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A new direction for weblogs: pornography

by Giles Turnbull -- 2001/08/14

What's the most popular thing on the net? Porn. And what's the most popular thing to happen to personal publishing in the last couple of years? Weblogs. One guy has decided to bring the two together.

Steve Hooker is an affable Welshman who decided some time ago that weblogs were a good idea, and wondered if he could build a community of webloggers around a central theme. He says he was influenced by the Cluetrain Manifesto.

The first upshot of this was Villablogs, a site where fans of English soccer team Aston Villa can create an instant, Villa-themed weblog of their own.

So far, so good. But Steve's next idea was somewhat more radical: why not let people create personal weblogs about pornography? This thought led to the creation of Sexblogs, a Manila-based weblog site. (We need hardly warn you that clicking on that link will load pornographic material in your browser - but consider yourself warned anyway.)

Is the web ready for personal weblogs all about porn? Steve seems to think so. He said: Our target audiences are wife swappers, exhibitionists, whores, people who need to hide their favourite prOn from their boss. It's Cluetrainish, but possibly not what Doc Searls and Chris Locke had in mind - we'll see.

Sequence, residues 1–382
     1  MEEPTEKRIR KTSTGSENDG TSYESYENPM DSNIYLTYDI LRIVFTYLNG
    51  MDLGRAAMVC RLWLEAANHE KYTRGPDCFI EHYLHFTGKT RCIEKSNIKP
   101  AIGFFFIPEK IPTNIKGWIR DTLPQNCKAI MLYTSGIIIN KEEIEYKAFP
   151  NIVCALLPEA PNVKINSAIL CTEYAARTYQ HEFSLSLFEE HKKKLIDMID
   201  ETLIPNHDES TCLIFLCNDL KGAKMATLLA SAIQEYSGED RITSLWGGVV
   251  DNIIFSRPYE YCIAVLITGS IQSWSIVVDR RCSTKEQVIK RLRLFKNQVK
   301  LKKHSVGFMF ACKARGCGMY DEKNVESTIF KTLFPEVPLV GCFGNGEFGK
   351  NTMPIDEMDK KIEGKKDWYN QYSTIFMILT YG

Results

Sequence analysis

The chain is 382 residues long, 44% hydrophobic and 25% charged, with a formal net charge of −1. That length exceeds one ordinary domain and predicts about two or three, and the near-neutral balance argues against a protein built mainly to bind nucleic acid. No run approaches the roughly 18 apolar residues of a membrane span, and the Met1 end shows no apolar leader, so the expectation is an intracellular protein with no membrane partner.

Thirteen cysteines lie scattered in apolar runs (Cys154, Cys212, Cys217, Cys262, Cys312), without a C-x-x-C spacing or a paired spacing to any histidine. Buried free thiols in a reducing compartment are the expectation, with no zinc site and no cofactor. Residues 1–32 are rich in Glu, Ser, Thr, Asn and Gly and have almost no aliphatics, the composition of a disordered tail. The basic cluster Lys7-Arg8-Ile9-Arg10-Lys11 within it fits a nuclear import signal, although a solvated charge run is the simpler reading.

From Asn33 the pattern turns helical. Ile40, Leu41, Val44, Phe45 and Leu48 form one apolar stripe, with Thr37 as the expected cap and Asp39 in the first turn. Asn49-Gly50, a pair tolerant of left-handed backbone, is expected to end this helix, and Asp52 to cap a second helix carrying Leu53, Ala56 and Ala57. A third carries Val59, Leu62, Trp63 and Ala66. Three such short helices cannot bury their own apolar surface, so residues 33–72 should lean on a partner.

Crucially, Steve's plan is a business plan. Unlike previous Manila hosting sites, Sexblogs will not provide free hosting for ever. Users get 30 days for free to try things out, then will be asked to pay (£10 per month) to continue.

Weblogging has tended to be a very open, personal thing. People have got to know one another through their public weblogs. One possible consequence of Sexblogs could be the anonymising of weblogs - after all, it's probably fair to say that most users of the service will not want to reveal their true identities.

Pornography has been the web's innovator and money-maker for years now. Steve's just doing the obvious thing to make a return on his Manila investment. Isn't he? Is this a good thing for weblogs, or a direction webloggers would rather not go in?


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